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Theater Review

Hide-and-seek with the Bard

July 13, 2009|Davig Ng

Of all of Shakespeare's comedies, "As You Like It" might just be the most difficult to follow. The comedy of romance and mistaken identity contains cross-dressing, character doubling and a fly-by gallery of supporting clowns whose paths intersect with a velocity that can make your head spin.

The New York-based Aquila Theatre, in residence at the Shakespeare Festival/LA, mischievously seeks to compound rather than simplify the confusion by having actors take on multiple roles in Russian-doll fashion. But instead of frustrating the viewer, this finely acted production succeeds at creating a pleasantly tipsy experience as it merrily toys with the fluidity of identity.

Set on a mostly bare stage, the Aquila's modern-dress interpretation takes a few liberties with Shakespeare's text, most noticeably in the beginning when the actors (playing themselves) perform a prologue set to music. Rosalind (Leandra Ashton) is a French nobleman's daughter who falls for Orlando (Richard Kidd), a moody young man from a rival clan. A series of arguments and misunderstandings leads to the exile of most of the main characters to the Forest of Arden, where they become unmoored from their former identities and engage in covert games of romantic hide-and-seek.

"One man plays many parts," says a character midway through, and indeed, this production holds true to that edict. Rosalind disguises herself as a man named Ganymede with the help of her saucy cousin Celia (Vaishnavi Sharma), who assumes the identity of a servant. The rest of the cast fills out the supporting ranks, with some actors taking on as many as eight parts.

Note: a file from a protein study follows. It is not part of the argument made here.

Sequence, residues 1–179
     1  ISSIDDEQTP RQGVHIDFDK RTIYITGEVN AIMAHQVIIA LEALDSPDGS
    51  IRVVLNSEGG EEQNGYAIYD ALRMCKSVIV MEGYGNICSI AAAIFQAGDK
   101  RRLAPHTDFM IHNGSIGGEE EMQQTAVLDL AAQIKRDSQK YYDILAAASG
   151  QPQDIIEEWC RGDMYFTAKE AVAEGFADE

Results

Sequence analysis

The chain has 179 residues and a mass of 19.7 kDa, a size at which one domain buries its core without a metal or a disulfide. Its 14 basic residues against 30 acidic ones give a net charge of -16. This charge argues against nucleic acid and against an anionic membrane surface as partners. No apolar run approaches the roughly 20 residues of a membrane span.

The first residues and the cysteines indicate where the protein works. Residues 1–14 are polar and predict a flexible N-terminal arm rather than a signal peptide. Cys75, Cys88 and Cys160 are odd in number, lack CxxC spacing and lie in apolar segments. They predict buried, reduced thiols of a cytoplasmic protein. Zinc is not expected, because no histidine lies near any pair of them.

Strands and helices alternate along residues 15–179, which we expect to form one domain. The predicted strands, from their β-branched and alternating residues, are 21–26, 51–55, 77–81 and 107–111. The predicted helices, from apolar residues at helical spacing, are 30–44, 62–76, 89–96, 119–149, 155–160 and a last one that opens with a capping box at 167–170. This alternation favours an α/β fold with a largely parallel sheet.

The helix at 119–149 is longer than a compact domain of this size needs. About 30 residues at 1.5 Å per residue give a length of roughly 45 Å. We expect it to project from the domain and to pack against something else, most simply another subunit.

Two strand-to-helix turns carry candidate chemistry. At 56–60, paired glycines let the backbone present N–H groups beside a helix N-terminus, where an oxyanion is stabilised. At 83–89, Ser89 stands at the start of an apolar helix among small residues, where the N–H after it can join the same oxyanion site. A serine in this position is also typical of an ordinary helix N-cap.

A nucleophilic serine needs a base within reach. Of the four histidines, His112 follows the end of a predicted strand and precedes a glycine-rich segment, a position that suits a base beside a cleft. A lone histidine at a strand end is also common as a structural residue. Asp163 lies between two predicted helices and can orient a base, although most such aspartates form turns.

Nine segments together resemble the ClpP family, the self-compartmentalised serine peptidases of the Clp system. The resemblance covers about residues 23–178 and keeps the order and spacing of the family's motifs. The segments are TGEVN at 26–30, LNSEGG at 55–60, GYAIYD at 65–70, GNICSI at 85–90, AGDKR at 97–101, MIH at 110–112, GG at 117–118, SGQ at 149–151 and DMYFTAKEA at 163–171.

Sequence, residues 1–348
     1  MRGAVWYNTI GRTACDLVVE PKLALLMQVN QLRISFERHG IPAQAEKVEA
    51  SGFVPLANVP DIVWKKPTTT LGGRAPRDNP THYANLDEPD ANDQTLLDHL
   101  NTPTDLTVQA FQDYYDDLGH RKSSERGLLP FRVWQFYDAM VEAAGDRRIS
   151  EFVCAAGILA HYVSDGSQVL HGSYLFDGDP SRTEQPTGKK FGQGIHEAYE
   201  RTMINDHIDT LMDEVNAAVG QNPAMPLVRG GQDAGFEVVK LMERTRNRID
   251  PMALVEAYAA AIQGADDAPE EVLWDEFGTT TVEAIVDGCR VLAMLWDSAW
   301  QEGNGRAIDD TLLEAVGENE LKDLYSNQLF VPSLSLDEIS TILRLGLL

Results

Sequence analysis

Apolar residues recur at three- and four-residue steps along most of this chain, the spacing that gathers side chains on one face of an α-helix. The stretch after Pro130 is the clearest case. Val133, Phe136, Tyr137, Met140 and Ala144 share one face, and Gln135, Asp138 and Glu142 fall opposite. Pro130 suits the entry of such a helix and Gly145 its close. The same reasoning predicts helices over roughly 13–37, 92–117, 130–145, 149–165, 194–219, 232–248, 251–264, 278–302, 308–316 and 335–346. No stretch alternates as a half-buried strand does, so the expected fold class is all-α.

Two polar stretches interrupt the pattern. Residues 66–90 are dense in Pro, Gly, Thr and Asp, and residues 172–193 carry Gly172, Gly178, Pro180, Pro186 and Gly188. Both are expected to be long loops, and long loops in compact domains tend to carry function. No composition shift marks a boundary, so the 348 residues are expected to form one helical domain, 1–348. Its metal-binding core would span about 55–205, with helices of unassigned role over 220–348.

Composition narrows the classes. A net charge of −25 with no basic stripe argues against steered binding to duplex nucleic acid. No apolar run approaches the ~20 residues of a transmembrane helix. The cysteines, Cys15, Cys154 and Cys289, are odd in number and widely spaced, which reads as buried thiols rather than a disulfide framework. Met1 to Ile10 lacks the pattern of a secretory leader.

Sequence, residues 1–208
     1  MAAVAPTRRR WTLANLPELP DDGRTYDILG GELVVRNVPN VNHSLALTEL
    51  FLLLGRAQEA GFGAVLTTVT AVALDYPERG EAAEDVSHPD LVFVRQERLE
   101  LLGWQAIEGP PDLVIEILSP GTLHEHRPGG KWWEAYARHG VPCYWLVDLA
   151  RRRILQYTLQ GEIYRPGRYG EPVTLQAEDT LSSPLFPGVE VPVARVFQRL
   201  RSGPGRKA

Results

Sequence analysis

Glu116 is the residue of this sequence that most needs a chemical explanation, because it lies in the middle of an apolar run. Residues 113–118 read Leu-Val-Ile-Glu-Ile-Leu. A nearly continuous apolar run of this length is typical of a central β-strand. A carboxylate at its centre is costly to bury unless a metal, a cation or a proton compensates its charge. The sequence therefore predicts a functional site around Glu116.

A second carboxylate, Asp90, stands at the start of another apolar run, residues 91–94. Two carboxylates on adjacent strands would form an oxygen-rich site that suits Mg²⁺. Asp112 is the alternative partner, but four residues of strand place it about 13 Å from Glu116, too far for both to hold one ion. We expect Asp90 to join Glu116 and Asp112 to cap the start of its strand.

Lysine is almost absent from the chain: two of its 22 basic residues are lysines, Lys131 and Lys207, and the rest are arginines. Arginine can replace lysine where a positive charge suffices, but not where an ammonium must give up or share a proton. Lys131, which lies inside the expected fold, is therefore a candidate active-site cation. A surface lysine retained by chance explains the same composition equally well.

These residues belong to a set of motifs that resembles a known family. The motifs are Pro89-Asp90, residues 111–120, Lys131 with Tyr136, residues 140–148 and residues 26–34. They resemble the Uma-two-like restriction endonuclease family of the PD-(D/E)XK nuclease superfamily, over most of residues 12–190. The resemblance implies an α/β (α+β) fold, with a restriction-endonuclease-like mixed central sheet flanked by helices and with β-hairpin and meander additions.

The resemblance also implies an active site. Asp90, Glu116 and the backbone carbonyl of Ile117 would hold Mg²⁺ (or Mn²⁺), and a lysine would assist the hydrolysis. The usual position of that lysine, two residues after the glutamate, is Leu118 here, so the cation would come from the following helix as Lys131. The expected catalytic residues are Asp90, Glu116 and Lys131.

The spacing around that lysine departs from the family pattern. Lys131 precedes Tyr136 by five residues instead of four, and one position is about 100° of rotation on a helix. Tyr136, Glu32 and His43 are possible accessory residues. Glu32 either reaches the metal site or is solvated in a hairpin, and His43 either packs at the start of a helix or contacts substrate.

The discombobulation is deliberate and largely successful thanks to laser-sharp acting from a seven-member cast called on to bring to life 20 characters. The best performances come from the actresses, who deliver their lines with clarity and unforced charm. As Rosalind, Ashton is superb in a famously difficult role, rendering her character's long-winded repartee with a seeming ease that is coupled with spot-on physical comedy. And Lucy Black, who plays a gallery of supporting roles of both genders, deserves special recognition for her versatility, which never feels ostentatious or self-congratulatory.

"As You Like It" isn't an easy comedy to embrace for either the audience or the cast. The Aquila's superb production makes the challenge feel worthwhile and exceptionally rewarding.



'As You Like It'

Where: The Cathedral of Our Lady of the Angels, 555 W. Temple St., Los Angeles

When: 8 p.m. Tuesday through Sunday. (Also at South Coast Botanic Garden, 26300 Crenshaw Blvd., Palos Verdes Estates. 8 p.m. July 23-26)

Price: $15 to $23 (plus a limited number of free tickets)

Run time: 2 hours, 30 minutes


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